Photo Credit: COURTESY OF PARTNERS FOR A HUNGER-FREE OREGON - A child enjoys a meal at the Rockwood Library branch through the summer food program aided in part by the Partners for a Hunger-free Oregon.Portland youngsters are flocking to 100-plus free lunch site locations throughout the city this summer.

The federal Summer Food Service Program supports thousands of Portland kids each summer and was established to meet the needs of those who benefit from the free and reduced-price breakfast and lunch during the academic year.

"We know families that are struggling are having an extra hard time," says Lesley Nelson, child hunger prevention manager at the Portland nonprofit Partners for a Hunger-Free Oregon.

Each site provides children ages 1 to 18 with a free meal during the week. Adults older than 18 pay about $2 to $4 for a meal, which varies at each location.

Nelson estimates that about 43,000 kids in Oregon were fed each day last year. All locations are staffed and coordinated by a sponsor, who provides food and sometimes an activity. Outside organizations, such as Oregon Museum of Science and Industry, stop by to work with kids, she says.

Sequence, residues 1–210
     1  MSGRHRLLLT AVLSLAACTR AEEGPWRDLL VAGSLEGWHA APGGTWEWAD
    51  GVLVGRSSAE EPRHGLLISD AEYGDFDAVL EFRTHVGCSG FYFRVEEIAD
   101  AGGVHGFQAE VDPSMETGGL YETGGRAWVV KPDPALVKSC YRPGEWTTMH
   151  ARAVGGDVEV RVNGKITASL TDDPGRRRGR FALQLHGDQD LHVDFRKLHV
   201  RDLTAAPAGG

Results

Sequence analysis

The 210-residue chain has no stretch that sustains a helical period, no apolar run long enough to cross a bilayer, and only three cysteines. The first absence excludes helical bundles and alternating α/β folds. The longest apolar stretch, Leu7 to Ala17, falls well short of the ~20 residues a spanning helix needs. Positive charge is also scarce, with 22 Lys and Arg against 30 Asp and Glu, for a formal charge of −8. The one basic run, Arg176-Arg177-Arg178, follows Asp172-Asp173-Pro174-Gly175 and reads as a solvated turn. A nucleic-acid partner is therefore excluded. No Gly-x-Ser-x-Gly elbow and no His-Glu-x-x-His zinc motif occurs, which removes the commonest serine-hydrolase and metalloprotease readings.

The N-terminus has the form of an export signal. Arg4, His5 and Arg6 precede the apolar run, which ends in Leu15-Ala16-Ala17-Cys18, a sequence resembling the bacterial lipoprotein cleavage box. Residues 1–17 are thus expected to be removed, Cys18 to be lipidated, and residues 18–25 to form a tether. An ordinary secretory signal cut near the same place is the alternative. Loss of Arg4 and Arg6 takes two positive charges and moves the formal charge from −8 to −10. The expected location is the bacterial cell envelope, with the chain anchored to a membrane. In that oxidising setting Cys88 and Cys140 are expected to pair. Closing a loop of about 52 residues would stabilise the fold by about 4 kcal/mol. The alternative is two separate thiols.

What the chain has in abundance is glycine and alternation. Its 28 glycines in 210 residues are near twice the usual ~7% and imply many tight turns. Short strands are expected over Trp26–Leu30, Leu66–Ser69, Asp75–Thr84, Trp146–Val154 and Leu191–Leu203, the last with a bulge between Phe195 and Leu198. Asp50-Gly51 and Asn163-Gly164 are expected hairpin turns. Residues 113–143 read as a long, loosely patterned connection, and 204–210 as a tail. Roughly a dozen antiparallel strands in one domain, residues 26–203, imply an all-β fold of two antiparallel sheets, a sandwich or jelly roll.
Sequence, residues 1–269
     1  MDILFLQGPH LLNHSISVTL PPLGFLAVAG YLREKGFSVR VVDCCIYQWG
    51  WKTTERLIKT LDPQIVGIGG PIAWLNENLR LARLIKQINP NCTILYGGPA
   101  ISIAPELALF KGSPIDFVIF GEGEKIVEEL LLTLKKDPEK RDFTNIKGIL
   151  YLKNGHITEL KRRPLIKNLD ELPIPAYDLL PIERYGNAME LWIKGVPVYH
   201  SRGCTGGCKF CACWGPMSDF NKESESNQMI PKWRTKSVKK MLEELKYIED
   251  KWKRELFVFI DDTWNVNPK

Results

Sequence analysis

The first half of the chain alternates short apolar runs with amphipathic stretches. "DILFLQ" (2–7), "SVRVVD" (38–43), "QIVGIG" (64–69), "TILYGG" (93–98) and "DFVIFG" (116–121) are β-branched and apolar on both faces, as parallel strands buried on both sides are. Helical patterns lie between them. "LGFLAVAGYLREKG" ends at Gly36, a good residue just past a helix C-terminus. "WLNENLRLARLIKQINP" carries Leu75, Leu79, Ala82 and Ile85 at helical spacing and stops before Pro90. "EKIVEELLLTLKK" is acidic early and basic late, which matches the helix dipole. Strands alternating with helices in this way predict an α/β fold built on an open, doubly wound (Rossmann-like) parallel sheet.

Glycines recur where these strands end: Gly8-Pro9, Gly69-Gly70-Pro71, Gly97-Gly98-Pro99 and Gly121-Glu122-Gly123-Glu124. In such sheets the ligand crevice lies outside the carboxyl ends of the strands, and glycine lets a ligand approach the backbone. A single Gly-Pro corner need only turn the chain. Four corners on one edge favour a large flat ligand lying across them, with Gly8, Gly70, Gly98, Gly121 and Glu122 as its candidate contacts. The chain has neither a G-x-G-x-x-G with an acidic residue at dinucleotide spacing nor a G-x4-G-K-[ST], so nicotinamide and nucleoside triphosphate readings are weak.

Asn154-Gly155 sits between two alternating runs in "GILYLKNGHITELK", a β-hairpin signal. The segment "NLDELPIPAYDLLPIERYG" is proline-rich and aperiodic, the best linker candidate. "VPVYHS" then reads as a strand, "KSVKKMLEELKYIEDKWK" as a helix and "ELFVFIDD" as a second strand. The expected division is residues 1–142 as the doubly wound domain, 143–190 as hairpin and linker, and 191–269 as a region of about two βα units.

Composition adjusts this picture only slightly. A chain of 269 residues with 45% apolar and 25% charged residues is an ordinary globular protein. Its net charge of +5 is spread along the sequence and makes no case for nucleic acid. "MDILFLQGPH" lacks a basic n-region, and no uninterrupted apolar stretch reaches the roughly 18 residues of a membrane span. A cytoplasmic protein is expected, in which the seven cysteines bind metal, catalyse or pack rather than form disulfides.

The U.S. Department of Agriculture funds the program and the money is distributed through the Oregon Department of Education. Local school districts and organizations like Partners for a Hunger-Free Oregon help to pitch in.

This year, Partners for a Hunger-Free Oregon awarded $42,000 in grants, ranging from $1,000 to $5,000 each, to 14 organizations. "The need is always there," Nelson says.

Overall, the program has been able to provide kids with the opportunity to eat nutritious food, in a safe place that promotes academic development, she says.

Sites such as the one at Mill Park Elementary, in outer East Portland on 1900 S.E. 117th Ave., have seen private and public donations to enrich the existing program. The site serves children from Gilbert Heights Elementary and Mill Park Elementary.

More than 165 kids, ages 5 to 12 are fed lunch at the location. Some of the kids are from the David Douglas School District, which Nelson says has 78 percent of students that qualify for free or reduced lunch.

For the kids, she says, the program is a "natural extension for what they are provided during the school year."

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